By Gillian Sarah Duncan | Special to Reach by Gulf News
With high rental costs, rising bills and a spending culture, the UAE is an expensive place to live, which is why so many expats leave with less than they arrive. Many expats are attracted to the Emirates by tax-free salaries with every intention of saving each month, but their plans quickly evaporate as they get caught up in the lifestyle on offer and splurge their income
Most UAE residents are unsure of the steps needed to achieve financial goals
Seven in ten UAE residents are unsure of the steps needed to achieve their financial goals, a recent poll by National Bonds revealed. According to the poll of almost 400 residents conducted over the first nine months of this year, 69 per cent of respondents lack awareness about financial planning.
Step one: Create a budget
So how can you ensure you will leave the UAE with something to show for it? First things first: create a budget.
A budget is no more than a ledger with incoming and outgoing costs
“The creation of a budget is nothing more than having an account of your income and what you are going to spend and plan for it,” says Rohit Garg, Head of Business Banking, Mortgages, Liabilities and Remittances at Mashreq. The bank is a keen supporter of financial literacy, and established Foloosy.ae to help people manage their money better. It also has a personal finance tool available online designed to help its customers’ budgets.
Garg says in its crudest form, a budget is no more than a ledger with incoming and outgoing costs. “All you need to know is, how much is my inflow and my essential outflows, and if I were to spend more or spend less, what is it going to result in in terms of saving or debt? How you balance all that is what a budget is.”
Step 2: Plan for emergencies
Every budget should include a provision for savings. Experts say there are three types of savings that people should plan for – short-term, such as for a car and unplanned emergencies; medium-term, for education or to buy a house; and long-term, for retirement. Most people know they must save for their retirement, but planning for the short-term is important, as it will prevent people from getting into debt due to unplanned expenses.
Every budget should plan for unplanned emergencies
Efforts have been under way for several years now to shift the culture away from prodigal spending towards responsible saving in the UAE. Mashreq was the first bank in the Middle East to launch a savings scheme that offered customers both savings as well as a chance to expand their wealth. The Mashreq Millionaire campaign enabled customers to buy certificates of small denominations and enter into a draw to win. The bank now has one of the largest numbers of customers participating in a save and win campaign, says Garg.
Step 3: Pay yourself first
To build savings, there is a crucial rule when it comes to budgeting and saving. “Save first and then spend whatever you have left,” says Hamzah Shalchi, Regional Manager of Guardian Wealth Management.
Save first and then spend whatever you have left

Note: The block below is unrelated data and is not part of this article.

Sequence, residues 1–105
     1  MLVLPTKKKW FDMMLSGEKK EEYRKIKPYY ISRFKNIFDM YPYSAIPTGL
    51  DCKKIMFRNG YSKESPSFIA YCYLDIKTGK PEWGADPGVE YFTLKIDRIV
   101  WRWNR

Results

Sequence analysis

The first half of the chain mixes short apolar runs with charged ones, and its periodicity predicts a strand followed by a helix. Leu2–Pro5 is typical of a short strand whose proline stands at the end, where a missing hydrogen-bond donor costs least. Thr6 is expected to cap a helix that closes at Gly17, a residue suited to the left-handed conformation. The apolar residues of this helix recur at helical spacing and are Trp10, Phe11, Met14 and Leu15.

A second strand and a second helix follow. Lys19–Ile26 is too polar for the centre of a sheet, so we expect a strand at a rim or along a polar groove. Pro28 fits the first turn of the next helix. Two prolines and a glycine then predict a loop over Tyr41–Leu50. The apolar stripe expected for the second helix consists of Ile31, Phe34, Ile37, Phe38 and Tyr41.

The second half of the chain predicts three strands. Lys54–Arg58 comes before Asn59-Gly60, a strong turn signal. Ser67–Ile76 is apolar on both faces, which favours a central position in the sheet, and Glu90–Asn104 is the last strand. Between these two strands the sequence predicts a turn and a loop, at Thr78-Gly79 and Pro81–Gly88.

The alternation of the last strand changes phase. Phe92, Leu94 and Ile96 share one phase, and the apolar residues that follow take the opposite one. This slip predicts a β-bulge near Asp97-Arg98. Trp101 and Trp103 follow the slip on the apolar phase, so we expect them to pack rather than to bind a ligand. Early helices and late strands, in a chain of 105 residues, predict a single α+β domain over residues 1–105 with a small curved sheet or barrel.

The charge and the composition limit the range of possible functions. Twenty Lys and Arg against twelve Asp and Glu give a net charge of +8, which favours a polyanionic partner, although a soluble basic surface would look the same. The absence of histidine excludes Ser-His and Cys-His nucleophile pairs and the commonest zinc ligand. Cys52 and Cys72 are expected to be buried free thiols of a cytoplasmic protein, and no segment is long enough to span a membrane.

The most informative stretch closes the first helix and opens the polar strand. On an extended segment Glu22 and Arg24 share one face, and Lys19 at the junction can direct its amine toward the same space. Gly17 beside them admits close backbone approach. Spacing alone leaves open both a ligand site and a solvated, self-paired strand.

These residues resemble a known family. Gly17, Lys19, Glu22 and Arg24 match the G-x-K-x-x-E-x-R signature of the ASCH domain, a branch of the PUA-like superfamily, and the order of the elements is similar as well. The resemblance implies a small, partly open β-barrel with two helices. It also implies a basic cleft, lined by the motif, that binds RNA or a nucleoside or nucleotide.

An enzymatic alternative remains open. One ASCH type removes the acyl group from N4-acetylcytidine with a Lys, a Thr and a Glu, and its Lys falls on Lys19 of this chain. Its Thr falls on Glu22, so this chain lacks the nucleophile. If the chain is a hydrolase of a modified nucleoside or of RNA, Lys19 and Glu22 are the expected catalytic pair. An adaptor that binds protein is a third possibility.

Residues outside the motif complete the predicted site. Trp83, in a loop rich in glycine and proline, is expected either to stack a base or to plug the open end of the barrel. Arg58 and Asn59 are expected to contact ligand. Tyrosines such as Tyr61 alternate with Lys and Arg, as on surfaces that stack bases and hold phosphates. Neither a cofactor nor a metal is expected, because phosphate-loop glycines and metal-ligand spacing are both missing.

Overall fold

“Spend on your bills. Spend on your mortgage, and your car and whatever else you have. From your surplus income, make sure you make the saving you have committed to and then spend on whatever you have left at the end of it. Save first and spend later.”
Step 4: Start early
Just how much you save depends on what age and stage you are at in life, explains Garg. “Younger people will have different savings goals, and older people may have different savings goals,” he adds. “But again it depends on what your objective of saving is. However, you need to keep in mind that at any point in life you must have a savings related goal. If you save towards that goal, you are in a good place.”
Just how much you save depends on what age and stage you are at in life
Step 5: Put away 20 per cent
Noel Leary, Head of DeVere Acuma for the UAE, suggests saving 20 per cent of your surplus each month.
“There is always an excuse for why people don’t save, like Christmas is just around the corner. And then after that they have birthdays or holidays. There is always an excuse not to save, so 20 per cent of your surplus income. If you can put away that you are doing all right.”
There is, however, one scenario where people should not save, says Shalchi. “Don’t save money when you have excessive debt.”
Step 6: Clear expensive debt
Yet experts are quick to warn that not all debt is bad. In fact, debt that is used to create an asset, such as a mortgage, is good, providing that the borrower is able to afford it.
The problem comes when debt is excessive. Credit cards are a form of expensive debt. So people with too much credit card debt should try to pay it off as quickly as they can, say experts.
“The reason you get into debt is because of bad habits and if you don’t change those bad habits you will continue doing what you have always been doing,” says Salchi.
Step 7: Be patient
And once you have paid off the debt, save, save, save. “It’s not a very complicated thing to understand that saving is good,” says Garg.
“There is no magic formula where if you do this you are going to save a lot more. I think prudent principles around ensuring that you put away a certain part of your income for any goal you may have remain.”
“We believe that the financial wellbeing of the client is as much a responsibility of the financial institution as it is of the client. And ensuring that you borrow responsibly, save prudently and remain financially viable is what Mashreq believes in,” says Garg.